My belief has always been that PR people shouldn’t get in the way of the story and by extension should do their best to not become the story. My mini-rant about ‘Political spin doctors’ earlier today is a great example of the dangers of PR people getting in front of the story. I can only reason that these people cross/annoy too many journalists so that the wronged decide to wreak some revenge. Of course I could be wrong.

Another example of a PR person becoming the story is this piece on Donna Morrisey who is the PR handler for Cardinal Law in the midst of the horrible revelations in Boston (and elsewhere). This is a very strange piece moving from positive to negative about Ms. Morrissey and including some bitchy remarks from those ‘brave’ unnamed sources – why journalists allow us to provide these comments is beyond me – but that’s another day’s rant. Have a read of the Morrisey story and see what you think. My mother always complained “but you’re never mentioned in the papers”, reading this I’m very glad!

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Marketing is about online AND offline

A study released last week by the Online Publishers Association confirmed there is a benefit to a mix of online and TV advertising.

This study is equally applicable to Public Relations, where it is already clear from campaigns I’ve been involved with, that there is a dual role between online and offline media – and of course this is extended to any 1-to-1 communication the PR campaign carries out with other audiences online.

As we’ve been saying for a long time, the Internet isn’t a replacement media – it’s a supplemental media just like radio and print, and TV and radio.

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Does size matter?

I’m sure if you regularly read the PR/Marketing press you will come across op eds written by agency owners about why large/small/integrated PR agencies are the best kind. The quality of argument in these articles makes me question the quality of the author’s work.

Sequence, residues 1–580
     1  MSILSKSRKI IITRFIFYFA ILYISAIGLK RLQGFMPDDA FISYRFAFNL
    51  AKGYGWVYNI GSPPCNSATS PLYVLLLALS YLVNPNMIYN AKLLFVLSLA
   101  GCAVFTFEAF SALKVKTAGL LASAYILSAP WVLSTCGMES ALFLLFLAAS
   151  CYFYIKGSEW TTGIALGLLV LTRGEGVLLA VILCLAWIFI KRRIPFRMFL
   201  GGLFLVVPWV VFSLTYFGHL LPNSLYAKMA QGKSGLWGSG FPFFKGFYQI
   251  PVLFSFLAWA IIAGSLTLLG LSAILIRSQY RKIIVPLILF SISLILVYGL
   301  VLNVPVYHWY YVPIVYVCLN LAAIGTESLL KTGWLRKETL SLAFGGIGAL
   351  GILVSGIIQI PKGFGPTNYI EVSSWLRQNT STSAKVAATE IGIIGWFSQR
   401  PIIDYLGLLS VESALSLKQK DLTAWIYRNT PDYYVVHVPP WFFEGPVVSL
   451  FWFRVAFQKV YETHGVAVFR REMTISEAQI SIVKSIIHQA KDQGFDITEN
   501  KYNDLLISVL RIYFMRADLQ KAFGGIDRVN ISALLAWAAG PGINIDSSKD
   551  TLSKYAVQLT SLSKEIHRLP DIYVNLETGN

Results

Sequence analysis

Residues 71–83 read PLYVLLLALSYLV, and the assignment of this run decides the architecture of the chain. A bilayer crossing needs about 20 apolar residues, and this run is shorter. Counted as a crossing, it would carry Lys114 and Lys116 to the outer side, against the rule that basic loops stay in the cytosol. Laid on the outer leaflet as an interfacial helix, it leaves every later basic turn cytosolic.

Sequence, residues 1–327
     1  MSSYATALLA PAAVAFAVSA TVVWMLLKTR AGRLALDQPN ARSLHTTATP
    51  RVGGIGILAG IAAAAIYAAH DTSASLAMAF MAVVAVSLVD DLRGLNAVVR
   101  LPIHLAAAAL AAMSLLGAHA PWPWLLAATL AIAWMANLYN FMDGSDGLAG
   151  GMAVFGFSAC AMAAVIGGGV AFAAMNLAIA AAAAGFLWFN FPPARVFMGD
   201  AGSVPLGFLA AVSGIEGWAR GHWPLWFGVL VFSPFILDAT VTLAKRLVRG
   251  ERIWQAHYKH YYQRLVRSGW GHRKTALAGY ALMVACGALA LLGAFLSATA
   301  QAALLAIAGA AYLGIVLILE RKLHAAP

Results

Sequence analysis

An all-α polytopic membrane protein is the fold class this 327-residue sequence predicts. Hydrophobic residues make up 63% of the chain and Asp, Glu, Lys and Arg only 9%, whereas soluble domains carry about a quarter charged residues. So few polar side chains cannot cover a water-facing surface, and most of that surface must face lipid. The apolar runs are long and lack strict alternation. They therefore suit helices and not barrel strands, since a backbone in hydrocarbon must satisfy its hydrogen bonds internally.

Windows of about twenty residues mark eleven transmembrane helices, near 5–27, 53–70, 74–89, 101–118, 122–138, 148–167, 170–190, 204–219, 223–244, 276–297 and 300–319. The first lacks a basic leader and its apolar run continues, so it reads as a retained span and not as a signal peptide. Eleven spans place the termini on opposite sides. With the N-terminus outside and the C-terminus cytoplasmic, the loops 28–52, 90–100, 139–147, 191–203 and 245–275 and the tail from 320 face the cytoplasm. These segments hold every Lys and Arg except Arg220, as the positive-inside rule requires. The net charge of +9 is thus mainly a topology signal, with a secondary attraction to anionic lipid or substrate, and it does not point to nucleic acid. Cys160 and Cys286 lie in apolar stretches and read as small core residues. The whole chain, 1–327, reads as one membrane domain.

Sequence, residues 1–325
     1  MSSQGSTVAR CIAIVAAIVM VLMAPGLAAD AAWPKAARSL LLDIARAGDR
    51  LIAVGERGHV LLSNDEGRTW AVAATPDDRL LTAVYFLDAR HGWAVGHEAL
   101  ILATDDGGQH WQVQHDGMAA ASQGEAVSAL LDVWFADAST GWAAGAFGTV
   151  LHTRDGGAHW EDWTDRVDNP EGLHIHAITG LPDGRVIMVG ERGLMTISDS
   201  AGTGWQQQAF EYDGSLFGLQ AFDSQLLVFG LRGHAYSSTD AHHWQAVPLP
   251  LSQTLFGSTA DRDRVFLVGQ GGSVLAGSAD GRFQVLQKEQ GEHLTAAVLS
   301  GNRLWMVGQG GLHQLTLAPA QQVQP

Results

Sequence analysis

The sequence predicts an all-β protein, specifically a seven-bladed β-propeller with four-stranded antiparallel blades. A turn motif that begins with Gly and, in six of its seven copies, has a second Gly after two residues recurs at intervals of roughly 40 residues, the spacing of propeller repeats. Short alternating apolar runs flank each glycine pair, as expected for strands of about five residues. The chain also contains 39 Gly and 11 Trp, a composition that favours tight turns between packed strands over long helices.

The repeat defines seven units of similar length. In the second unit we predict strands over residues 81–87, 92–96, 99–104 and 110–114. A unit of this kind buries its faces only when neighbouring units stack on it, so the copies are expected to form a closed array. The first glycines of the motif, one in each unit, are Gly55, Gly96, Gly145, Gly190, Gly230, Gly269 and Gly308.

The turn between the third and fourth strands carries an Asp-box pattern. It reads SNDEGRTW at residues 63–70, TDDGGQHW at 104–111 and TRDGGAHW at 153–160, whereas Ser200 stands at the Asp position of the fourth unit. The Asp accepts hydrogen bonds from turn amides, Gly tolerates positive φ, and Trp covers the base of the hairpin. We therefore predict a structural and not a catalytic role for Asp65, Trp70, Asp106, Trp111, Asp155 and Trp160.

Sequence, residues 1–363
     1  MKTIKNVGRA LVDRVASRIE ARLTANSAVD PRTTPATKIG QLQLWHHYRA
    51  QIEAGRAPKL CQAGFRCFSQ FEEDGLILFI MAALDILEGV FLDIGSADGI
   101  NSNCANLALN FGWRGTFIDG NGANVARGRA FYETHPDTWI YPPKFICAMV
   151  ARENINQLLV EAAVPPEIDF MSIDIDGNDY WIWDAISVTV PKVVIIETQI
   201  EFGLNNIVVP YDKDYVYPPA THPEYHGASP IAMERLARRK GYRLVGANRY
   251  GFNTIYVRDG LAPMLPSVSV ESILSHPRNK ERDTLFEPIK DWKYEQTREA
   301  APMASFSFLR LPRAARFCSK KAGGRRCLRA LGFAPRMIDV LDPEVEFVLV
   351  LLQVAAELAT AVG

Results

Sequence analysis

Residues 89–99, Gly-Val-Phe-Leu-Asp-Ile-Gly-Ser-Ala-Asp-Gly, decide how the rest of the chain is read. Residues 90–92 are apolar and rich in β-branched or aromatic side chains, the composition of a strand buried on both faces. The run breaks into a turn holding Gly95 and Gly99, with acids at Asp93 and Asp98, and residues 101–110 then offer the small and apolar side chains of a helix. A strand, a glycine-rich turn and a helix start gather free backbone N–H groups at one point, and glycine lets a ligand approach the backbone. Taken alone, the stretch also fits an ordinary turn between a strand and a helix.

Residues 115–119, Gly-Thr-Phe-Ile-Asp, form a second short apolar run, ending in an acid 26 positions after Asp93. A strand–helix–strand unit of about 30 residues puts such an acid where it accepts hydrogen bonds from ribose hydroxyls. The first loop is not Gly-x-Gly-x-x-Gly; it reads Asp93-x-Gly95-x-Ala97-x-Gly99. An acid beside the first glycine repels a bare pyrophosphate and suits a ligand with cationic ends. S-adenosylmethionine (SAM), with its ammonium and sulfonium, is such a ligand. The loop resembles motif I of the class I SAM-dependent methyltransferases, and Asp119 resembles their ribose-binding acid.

There was a great example of this earlier in the year on The PR Network mailing list where one week a small agency owner penned a piece (I am puposely not naming him) on why small is better and the next week a senior executive in a large agency published a line for line rebuttal.

It strikes me that if the best justification for your business is a ‘my daddy is better than your daddy’ line then what are you doing on behalf of your clients?

The simple fact, in my opinion, is that companies chose large/small PR agencies in the most part, based on the personalities they have met at those firms. PR is a people business. Good people deliver good results and poor practitioners don’t. That’s the bottom line. There is no golden rule. The core is if the PR investment is making a contribution to the business objectives it doesn’t matter whatsize or type of agency it is. On the other hand if it’s not contributing – look out….

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The chickens are coming home

Following on from the story about the Advertising groups not enjoying much return from their PR investments, Euro RSCG is announcing a widespread re-structure, combining many of the PR subsidiaries into smaller groups. The PR agencies on roster will join either Euro RSCG MVBMS Partners or Euro RSCG Tatham Partners.

Two (not necessarily relevant) thoughts pass through my brain at this news. Firstly who comes up with the naming conventions for these conglomerates?

I realize that they try and keep their traditional names or heritage, but ‘Euro RSCG MVBMS’ is absolutely ridiculous. What is that all about?

Maybe I am on my own, but I find trying to understand the holdings of these marketing services groups unintelligible – and ironically its BAD branding and bad communications.

The second thought is that while merging these agencies makes a lot of sense in terms of administrative cost and streamlining services, it does present an issue in terms of the types of new business that can be tackled by these larger entities.

The days of clients accepting ‘chinese walls’ as an argument for hosting competitive accounts under the one roof has long since gone.

Written by Tom Murphy

May 28, 2002 at 10:30 am

Posted in General